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Unit Testing Controllers in ASP.NET Web API

Unit Testing Controllers in ASP.NET Web API

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In this article, let's learn about how to unit test Controllers in WebAPI in ASP.NET Core.

Table of Contents

  1. Introduction
  2. Why Unit Testing?
  3. What is a Controller?
  4. Unit Testing Controller
  5. Verifying Action Result
  6. Verifying Model Type
  7. Verifying Model Content
  8. Combining All Together
  9. Summary

Introduction

In this article, we will focus on unit testing thick controllers, which are controllers that contain behavior suitable for testing. While it's ideal to start with thin controllers, it's not always possible, especially when working with existing projects or teams that have different design decisions. Writing pragmatic unit tests for thick controllers can greatly improve the application's reliability.

Why Unit Testing ?

Unit testing allows developers to verify the behavior and logic of individual units of code in isolation. By writing tests, you can ensure that your code functions correctly and remains reliable even after making changes or adding new features. Unit tests help catch bugs early in the development process and provide confidence in the correctness of the code.

Note: If you have not done so already, I recommend you read the article on Implementing TDD in C# .Net.

What is a Controller ?

When it comes to testing API controllers in ASP.NET Core, it's important to consider the behavior contained within the controllers. Controllers can be categorized as thick or thin. Thick controllers contain logic and behavior that can be tested, such as model state checks, database calls, mapping code, and conditional code. On the other hand, thin controllers delegate the implementation of behavior to other components and typically don't require unit testing.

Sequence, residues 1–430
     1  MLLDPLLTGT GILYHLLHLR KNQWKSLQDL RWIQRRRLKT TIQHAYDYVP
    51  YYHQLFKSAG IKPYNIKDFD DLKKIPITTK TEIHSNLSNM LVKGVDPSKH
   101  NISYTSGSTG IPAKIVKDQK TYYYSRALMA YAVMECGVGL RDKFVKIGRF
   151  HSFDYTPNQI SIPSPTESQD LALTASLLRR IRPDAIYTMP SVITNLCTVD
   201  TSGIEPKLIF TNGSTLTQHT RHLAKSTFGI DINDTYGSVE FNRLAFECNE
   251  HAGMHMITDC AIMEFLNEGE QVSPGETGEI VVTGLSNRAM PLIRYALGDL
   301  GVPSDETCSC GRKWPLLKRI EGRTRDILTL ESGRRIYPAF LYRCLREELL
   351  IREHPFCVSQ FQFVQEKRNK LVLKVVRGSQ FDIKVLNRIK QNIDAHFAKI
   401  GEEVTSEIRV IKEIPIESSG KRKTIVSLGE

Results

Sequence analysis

Unit Testing Controller

To test API controllers in ASP.NET Core, it's crucial to isolate the controller's behavior from external dependencies, such as model binding, filters, and routing. Unit testing should focus on testing the controller's behavior itself, avoiding testing the ASP.NET Core framework.

Veriyfing Action Result

One aspect of testing API controllers is verifying the type of ActionResult returned from a specific action. In many cases, ActionResult<T> is used as the return type, allowing for flexibility in returning different types of action results. To test the ActionResult type, you can assert that the returned result is of the expected type, such as OkObjectResult, NotFoundObjectResult, or BadRequestObjectResult.

Here's an example of testing the type of ActionResult returned from the GetBlogs action:

Code Sample - WebAPI Controller Action Result Test

Veriyfing Model Type

Another important aspect of testing API controllers is verifying the expected model type returned by the action. The model type is the generic type parameter of the ActionResult<T>. You can use the Assert.IsAssignableFrom method to check if the returned model is assignable to the expected type.

For example, let's verify that the returned model from the GetBlogs action is of type IEnumerable<BlogDto>:

Code Sample - WebAPI Controller Model Type Test

Veriyfing Model Content

Finally, we're going to verify whether the returned DTO, in our case an IEnumerable<BlogDto>, is correctly constructed by the action. We expect it to contain as many objects as were inputted, and in our case, we input three blogs. So what we want to test is that we end up with three blog DTOs.

GetBlogs_GetActionMustReturnNumberOfInputtedBlogs. There is, again, nothing to arrange. To act, we execute the GetBlogs method again. And to assert, we first need to get a hold of the action result. We know how to do that by now, as it's the same as what we did in the two previous demos. Once we've got that action result, we can cast the result of the action result to an OkObjectResult and get the Value property. Once we have that value, we can cast it to an IEnumerable<BlogDto> and count it.

Code Sample - WebAPI Controller Model Content Test

Combining All Together

So far we focused on testing individual aspects of the controller's behavior. However, it is often useful to combine multiple asserts related to the same action in one unit test. This not only makes the test code more concise but also provides a clearer overview of the expected behavior.

To combine the asserts and fix the null reference issues, we can make use of the ActionResult<T> type's pattern matching capabilities. This allows us to simplify the code and handle null values more effectively.

Let's update our test to incorporate these improvements:

Code Sample - WebAPI Controller Complete Test

Summary

In this article, we explored the process of unit testing controllers in ASP.NET Core. We discussed the importance of unit testing and when it is suitable to test API controllers. We focused on testing the behavior of the controllers and provided examples of verifying ActionResult types, model types, and model content using C#.

Unit testing controllers allows us to ensure that the expected behavior is correctly implemented and provides valuable feedback on the reliability of our application. By isolating the tests and using mocks or framework techniques, we can focus solely on testing our code.

  • Webapi
  • Unit Test
  • Controllers